I'm guessing it's because he wasn't with his mother long enough for her to instill some behavior rules and manners in him.

Susan
 

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Discussion Starter #12
I referred them to a PP trainer after studying and talking to their vet as well. If it had been a spaniel I wouldn't have second guessed.
 

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Wolfstraum - the Rhodesian Ridgeback was actually bred to hunt Lion here in Africa.
The Boerboel was bred as a guard dog. I had one when my kids were still young but he got quite aggressive with food and killed some of my sheep. I unfortunately had to put him down as I was afraid one of my kids might get bitten. I am not an expert but if they were not trained since a young age they become difficult to handle. They should have silimar traits as the English Bullmastiff if that is a help or contact breeders association.
 

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Thought about this thread today when one came to my office, muzzled.

Smart on OP to know when to say you are in over your head.
 

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Wolfstraum - the Rhodesian Ridgeback was actually bred to hunt Lion here in Africa.
The Boerboel was bred as a guard dog. I had one when my kids were still young but he got quite aggressive with food and killed some of my sheep. I unfortunately had to put him down as I was afraid one of my kids might get bitten. I am not an expert but if they were not trained since a young age they become difficult to handle. They should have silimar traits as the English Bullmastiff if that is a help or contact breeders association.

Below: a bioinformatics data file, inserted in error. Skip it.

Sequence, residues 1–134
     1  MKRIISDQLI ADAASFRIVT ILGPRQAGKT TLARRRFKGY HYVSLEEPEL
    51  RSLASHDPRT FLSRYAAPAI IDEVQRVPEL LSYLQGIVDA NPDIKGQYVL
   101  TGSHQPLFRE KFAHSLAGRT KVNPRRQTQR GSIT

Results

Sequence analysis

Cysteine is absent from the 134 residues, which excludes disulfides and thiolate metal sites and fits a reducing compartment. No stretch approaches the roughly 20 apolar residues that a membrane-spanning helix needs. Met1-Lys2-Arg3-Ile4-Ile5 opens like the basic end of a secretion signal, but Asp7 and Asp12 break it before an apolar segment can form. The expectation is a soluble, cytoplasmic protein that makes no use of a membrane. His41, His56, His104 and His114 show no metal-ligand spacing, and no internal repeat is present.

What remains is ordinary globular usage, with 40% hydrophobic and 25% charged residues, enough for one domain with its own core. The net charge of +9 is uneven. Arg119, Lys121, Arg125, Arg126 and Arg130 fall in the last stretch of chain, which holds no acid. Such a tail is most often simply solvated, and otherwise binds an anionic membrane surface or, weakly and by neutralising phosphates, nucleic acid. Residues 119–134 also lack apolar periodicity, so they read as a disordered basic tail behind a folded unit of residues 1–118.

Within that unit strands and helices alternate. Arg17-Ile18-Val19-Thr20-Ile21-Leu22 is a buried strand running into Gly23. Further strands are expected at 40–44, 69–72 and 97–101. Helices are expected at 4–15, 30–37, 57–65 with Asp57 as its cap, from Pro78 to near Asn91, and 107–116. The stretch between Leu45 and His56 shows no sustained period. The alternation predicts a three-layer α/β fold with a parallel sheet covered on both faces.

I never think of bull mastiffs as being in the same category as Boerboel, presa canario, etc. I have never seen a bull mastiff that wasn't a big marshmallow. I personally like the well bred presa canario, but I wouldn't get one now after having Remi.
 

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Discussion Starter #18
I am so happy to have my own two sound dogs and not have to worry that they might kill my visitors.
 

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There is a difference between respect and fear. If you don't much care for working with "Pit's" not sure this would be a better choice??

Molossers are not everyone's cup of a tea. Someone on here says the best advice is to keep a shovel in every room ...may come in handy. :p

I was aiming for a "Dogo" myself but then got up in the "Boxer" thing. :crazy:

I've only had an Boxer/APBT Boxers and an American Band Dawg's myself but on here I doubt anyone knows more about "Boerboel's than ''wyoung2153" send here a PM she did say her new rescue seems a bit "Boxer" like. :)

I'll just add you can find a details on the "usual suspects" here:
Molossers breeds (Molosser dogs, Molossers, Mastiff breeds)
Interesting that the "rollicking little clown" French Bulldogs are part of the Mollosser group, Chip! They are no joke, just smaller! ;)